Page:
Hire your remote team in New Zealand

Only 399 EUR per employee per month

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Hiring a remote team in a country as New Zealand comes with a lot of overhead, such as compliance, local laws, taxes, etc. As a company, you don't want to worry about knowing all the local laws. Instead you want to focus on your remote team and the business. Rivermate's Employer of Record (EOR) solution helps companies hire remote employees in New Zealand. We take care of global payroll, taxes, benefits, compliance and HR activities. So you can focus on growing your business.

A remote team

1. Hire a remote team in New Zealand with Rivermate

Payroll, benefits, taxes, and compliance can be difficult to manage in New Zealand, particularly if you don't have established local relationships. You can hire employees in New Zealand effectively, conveniently, and in full compliance with all relevant labor laws using Rivermate's global Employer of Record (EOR) solution. We handle the responsibilities and legal risks associated with foreign employment so you can concentrate on growing your company.

2. Introduction

Rivermate is a global employment solutions company that provides Employer of Record services in New Zealand.

As an employer of record, we help you hire employees and run payroll services in New Zealand, allowing you to avoid the necessity of first establishing a branch office or subsidiary in New Zealand.

It is not necessary to establish an entity in order to hire an employee. We can hire your employee in any country with a few mouse clicks. Using our Employer of Record solution, you can have full compliance, benefits, and automated payments.

If you wish to hire a remote team in New Zealand or individually hire remote employees in New Zealand, Rivermate’s global employer of record services will make sure that the process will be as seamless as possible for you.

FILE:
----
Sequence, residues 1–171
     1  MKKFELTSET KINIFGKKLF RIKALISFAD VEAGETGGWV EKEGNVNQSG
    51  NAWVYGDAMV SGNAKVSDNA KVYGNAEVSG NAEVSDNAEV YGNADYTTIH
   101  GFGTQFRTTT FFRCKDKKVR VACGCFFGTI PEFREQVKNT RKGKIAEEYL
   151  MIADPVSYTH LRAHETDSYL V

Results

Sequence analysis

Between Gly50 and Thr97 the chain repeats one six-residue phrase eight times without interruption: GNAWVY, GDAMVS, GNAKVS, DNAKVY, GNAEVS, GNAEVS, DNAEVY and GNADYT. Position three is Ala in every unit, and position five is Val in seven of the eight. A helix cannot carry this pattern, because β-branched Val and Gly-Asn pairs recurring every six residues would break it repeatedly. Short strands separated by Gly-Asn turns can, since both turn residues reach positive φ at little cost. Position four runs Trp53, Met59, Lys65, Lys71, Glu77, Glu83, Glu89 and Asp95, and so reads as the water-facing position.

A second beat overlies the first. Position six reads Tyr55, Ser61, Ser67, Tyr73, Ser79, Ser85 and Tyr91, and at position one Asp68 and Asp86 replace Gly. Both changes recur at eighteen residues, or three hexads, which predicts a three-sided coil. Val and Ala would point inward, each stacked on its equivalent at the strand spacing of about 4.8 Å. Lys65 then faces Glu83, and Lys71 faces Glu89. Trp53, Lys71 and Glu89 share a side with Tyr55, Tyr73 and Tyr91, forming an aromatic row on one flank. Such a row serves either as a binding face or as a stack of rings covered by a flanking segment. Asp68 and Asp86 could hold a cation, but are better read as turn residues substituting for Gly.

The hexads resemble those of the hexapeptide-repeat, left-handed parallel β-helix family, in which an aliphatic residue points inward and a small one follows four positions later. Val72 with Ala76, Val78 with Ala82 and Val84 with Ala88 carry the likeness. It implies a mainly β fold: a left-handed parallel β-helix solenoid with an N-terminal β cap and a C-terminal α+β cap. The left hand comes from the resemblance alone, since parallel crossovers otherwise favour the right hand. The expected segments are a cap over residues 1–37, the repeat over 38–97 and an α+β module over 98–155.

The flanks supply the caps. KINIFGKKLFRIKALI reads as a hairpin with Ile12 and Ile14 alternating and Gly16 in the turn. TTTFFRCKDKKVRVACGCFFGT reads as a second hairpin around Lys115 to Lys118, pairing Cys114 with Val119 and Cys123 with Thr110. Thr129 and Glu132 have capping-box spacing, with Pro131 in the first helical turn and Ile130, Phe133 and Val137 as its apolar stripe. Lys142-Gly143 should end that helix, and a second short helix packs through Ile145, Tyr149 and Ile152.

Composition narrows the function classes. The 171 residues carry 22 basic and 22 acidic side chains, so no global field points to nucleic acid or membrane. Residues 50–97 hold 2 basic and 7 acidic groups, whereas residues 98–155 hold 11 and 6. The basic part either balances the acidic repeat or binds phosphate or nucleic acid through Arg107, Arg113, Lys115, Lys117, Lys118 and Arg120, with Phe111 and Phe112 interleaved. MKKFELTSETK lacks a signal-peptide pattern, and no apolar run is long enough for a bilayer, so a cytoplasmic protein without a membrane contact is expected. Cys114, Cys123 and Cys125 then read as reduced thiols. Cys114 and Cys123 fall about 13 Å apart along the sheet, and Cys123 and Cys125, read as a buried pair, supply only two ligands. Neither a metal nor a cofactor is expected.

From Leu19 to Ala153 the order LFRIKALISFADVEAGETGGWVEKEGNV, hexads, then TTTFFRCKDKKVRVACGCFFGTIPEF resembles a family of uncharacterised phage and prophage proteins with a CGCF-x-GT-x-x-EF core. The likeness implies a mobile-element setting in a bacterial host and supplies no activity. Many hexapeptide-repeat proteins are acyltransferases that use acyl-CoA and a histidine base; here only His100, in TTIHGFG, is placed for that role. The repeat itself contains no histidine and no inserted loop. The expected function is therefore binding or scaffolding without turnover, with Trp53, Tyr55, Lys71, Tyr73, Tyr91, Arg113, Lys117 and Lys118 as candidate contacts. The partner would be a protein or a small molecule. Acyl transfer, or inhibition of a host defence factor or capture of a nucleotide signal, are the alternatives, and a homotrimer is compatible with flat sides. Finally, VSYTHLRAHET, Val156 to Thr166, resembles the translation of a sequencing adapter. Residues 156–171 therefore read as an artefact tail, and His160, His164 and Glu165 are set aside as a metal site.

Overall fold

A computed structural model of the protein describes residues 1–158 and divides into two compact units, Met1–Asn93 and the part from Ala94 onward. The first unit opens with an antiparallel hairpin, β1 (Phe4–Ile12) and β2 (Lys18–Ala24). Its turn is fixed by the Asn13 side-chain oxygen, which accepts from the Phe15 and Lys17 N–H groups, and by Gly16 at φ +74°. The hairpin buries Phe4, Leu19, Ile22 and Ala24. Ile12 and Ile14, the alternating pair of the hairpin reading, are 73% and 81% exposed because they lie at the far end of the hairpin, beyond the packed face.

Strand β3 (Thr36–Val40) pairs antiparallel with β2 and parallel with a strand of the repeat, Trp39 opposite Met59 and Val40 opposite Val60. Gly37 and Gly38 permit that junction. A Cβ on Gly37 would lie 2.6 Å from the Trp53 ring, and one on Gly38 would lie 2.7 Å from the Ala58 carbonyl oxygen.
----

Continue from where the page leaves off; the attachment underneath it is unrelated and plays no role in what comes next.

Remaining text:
Send us a message so we can talk about how Rivermate’s Employer of Record New Zealand services can best help your company!

3. Hire a remote team in New Zealand

New Zealand is a developed nation with a free-market economy. It has one of the lowest unemployment rates in the developed world, at around 4.9 percent. The COVID-19 pandemic has increased unemployment in a variety of sectors, but the government has not released specific figures. New Zealand is a stunning country with an incredible climate, biodiversity, culture, and diversity.

Professionals in agriculture, science and technology, environment, geology, art, literature, food, media, and many other fields will find numerous roles and opportunities in New Zealand. It is an incredible country to live in because it has excellent infrastructure, a higher quality of life, and tremendous job security.

4. Cost of living in New Zealand

New Zealand's cost of living is $1669, which is 1.79 times higher than the global average. New Zealand ranked 19th out of 197 countries in terms of cost of living and 16th in terms of quality of life.

In New Zealand, the average after-tax salary is $2904, which is enough to cover living expenses for 1.7 months.

5. Cost of renting in New Zealand

New Zealand has a higher cost of living than most other countries. An individual needs $1,000 to $2,000 per month to cover all of their expenses. Tier one cities are significantly more expensive than Tier three cities. On a global scale, New Zealand is more expensive than some countries like India, but less expensive than others like Australia.

Many people can afford to live in New Zealand on a rental basis. For college students and recent graduates, shared living spaces are always a good option. A decent housing space costs about $1,200 per month in the United States. The rent varies according to the available amenities and the location of the housing.

6. Major industries in New Zealand

When the index of geopolitical gains and losses after energy transition (GeGaLo Index) goes into effect, New Zealand's energy sector is expected to be among the top five. On a global scale, New Zealand's renewable energy sector is at the forefront.

In New Zealand, the telecommunications industry is still in its early stages. On a global scale, this sector is lagging, but that is where job opportunities are emerging as the government attempts to bring this sector up to speed with the rest of the world.

New Zealand's transportation sector is an important one, with numerous job opportunities. The backbone of this sector is comprised of road networks, railway networks, airway networks, and seaports.

7. Hiring cost in New Zealand

Employers must cover the cost of hiring when they are looking for new talent or individuals. The process of hiring is lengthy and requires considerable resources. Following are the various aspects that determine the hiring cost